What differences have there been in our species?

I got into a conversation last night about the changes that have happened to the human species, but neither of us knew enough to talk sensibly about it.

The question we ended up asking ourselves is what would happen if someone traveled in time back to the beginning of Homo sapiens sapiens, stole a very average female infant, brought her back to our time, and raised her in Ohio? (Ignoring any time paradox or stuff like that.)

Would the child grow up to be completely undifferentiated from her peers?

Mainly, we wondered how tall she would be, given modern food sources. She would probably be lactose intolerant, right? Would there, or could there, be other foods she would be unable to eat? Are there nasty bugs that we’re resistant to that she wouldn’t be? Would she tend to put on weight as easily, or more easily, than her peers?

Are there obvious things I’m forgetting (I assume so)?

Having been to Ohio, I wonder why you would do something so cruel to an infant?:wink:

Interesting question, please consider this a bump.

The earliest population of Homo sapiens sapiens was pretty certainly in Africa. That population would probably have had darkish skin, though otherwise it would probably not have been identifiable with any modern populations. Some of the earliest branches still extant of the early sapiens radiation are evidently the Khoi-san peoples of Southern Africa (aka “Bushmen”) and the pygmies. One of the earliest groups outside of Africa seems to be the population from which the Australian Aborigines are descended. Which of these groups - which are diverse in appearance and height - retains the most physical resemblance to the earliest sapiens population is impossible to say.

As pure guesswork, IMO the earliest sapiens population most likely would not have been as tall as the modern US population on average, and an individual that received a modern diet from infancy would probably not reach that height either. They almost certainly would not have been able to digest lactose. They might have a strong tendency to store fat if given a diet with excess calories, depending in part on the actual habitat of the earliest population (which is unknown). They probably would be very susceptible to various contagious diseases, especially those that may have developed over the past 100,000 years.

I think you hit on the types of physical differences you would see. Diseases (like smallpox) that Europeans gained resistance to would likely be a problem, although I don’t know that a person would get exposed to smallpox in Ohio these days.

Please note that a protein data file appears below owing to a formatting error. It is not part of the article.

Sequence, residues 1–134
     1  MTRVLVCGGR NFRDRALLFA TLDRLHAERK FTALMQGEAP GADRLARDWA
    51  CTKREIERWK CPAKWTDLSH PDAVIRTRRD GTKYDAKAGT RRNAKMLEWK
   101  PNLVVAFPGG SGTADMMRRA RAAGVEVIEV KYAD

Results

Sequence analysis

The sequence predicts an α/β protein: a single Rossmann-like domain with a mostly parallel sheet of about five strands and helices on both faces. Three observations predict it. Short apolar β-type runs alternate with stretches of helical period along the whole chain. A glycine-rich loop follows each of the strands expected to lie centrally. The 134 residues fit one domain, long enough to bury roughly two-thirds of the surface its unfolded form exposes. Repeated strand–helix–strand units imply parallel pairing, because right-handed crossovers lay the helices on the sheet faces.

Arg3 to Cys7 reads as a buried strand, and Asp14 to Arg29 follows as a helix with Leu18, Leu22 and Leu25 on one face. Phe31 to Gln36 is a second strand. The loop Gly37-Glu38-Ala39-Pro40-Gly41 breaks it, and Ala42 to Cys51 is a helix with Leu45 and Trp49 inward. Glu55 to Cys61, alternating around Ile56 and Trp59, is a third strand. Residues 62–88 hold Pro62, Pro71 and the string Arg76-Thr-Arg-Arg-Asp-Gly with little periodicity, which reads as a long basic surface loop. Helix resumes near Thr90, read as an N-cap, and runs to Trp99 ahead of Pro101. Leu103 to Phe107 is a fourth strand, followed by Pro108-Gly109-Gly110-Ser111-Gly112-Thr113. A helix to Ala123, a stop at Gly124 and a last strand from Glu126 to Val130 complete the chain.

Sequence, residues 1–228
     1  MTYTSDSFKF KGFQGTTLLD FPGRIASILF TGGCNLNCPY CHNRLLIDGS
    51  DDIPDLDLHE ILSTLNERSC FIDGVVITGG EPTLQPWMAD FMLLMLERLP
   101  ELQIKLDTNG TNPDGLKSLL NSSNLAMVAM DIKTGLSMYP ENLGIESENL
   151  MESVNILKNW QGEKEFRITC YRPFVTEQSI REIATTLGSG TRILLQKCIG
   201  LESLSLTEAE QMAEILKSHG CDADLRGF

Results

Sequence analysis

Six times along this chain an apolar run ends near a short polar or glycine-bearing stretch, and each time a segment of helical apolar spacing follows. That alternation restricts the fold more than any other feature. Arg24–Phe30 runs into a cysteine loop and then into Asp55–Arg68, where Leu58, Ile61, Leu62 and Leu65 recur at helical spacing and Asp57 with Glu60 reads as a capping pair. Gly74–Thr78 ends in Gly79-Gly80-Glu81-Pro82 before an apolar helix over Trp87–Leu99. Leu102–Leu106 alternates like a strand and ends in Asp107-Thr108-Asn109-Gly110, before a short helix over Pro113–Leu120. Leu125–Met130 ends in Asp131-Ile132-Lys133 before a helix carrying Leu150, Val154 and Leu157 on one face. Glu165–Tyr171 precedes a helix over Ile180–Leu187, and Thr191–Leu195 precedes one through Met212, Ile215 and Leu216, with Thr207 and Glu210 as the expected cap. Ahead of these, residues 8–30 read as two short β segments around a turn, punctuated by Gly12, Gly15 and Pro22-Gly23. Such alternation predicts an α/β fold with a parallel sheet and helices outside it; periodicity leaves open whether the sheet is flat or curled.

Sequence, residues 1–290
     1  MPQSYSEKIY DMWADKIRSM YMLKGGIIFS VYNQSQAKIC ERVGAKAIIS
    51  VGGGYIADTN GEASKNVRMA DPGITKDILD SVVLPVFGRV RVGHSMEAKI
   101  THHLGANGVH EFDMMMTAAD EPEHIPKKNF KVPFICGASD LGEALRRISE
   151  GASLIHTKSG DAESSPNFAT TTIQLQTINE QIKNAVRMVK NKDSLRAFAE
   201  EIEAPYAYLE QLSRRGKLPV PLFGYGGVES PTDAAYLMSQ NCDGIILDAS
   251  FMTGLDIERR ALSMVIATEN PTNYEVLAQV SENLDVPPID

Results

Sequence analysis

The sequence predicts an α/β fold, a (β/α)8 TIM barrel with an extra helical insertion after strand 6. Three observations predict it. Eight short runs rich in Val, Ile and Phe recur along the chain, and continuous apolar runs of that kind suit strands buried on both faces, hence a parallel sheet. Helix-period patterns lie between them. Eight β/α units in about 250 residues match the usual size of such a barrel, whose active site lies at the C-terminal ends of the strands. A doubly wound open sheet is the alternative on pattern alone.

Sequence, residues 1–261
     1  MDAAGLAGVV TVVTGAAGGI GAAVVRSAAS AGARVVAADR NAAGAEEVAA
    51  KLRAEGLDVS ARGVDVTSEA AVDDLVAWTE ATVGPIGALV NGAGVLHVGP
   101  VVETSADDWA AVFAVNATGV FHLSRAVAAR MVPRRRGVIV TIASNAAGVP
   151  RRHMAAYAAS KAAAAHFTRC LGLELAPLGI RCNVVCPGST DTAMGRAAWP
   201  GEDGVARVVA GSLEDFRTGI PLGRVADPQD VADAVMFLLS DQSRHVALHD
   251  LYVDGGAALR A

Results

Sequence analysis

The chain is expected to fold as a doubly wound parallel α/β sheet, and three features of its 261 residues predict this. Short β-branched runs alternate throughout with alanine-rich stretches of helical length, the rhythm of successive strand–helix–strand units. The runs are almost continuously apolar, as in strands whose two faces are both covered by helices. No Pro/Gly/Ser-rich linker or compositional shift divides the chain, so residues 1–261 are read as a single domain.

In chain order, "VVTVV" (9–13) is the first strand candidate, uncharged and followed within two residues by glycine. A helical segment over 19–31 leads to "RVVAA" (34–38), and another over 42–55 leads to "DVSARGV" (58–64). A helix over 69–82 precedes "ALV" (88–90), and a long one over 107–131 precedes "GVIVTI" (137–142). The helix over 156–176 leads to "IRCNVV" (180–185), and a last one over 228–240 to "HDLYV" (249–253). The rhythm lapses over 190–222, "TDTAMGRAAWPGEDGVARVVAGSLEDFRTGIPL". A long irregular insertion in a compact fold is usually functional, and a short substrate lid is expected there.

The key area of contention is what you mean by Homo sapiens sapiens. That term isn’t used much these days, but if you mean it only to designate the difference between us and, say, Neandethals then it might matter exactly when in time you plucked that infant from pre-history. Although we generally say our species developed about 200k years ago, there are some biologists who think an important mutation (or set of mutations) occured somewhere around 65k years ago that set us apart from early versions of Homo sapiens. For instance, it is possible that language* as we know it today wasn’t part of our mental abilty until that later timeframe (although there isn’t a consensus yet in the scientific community about this).

If you mean to use the term Homo sapiens sapiens to differentiate the more recent populations from what ares sometimes called Archaic Homo sapiens, then it is unlikely you’d be able to detect any difference in mental ability at all.

*For example, the discovery the FOXP2 gene as it relates to language acquisition is evidence that the evolution of language is a very recent phenomenon in our speices. This cite gives some good background and (correctly) cautions about making too many overly simplistic assumptions about what the data surrounding this gene tells us. But other data in the fossil record itself hints at a “something” happening less than 100k years ago that affected our ability to use symbolic thought-- it’s only in the more recent sites left by our ancestors that we see clear evidence of art and personal adornment, as well as significant advances in tool technology.

Are these 2 traits really genetic and not acquired after birth? My uneducated guess would have been that an infant, raised on today’s diet and in today’s environment, would be both able to digest lactose, and would have the same immunities as the kid next door. Is susceptibility to disease really genetic?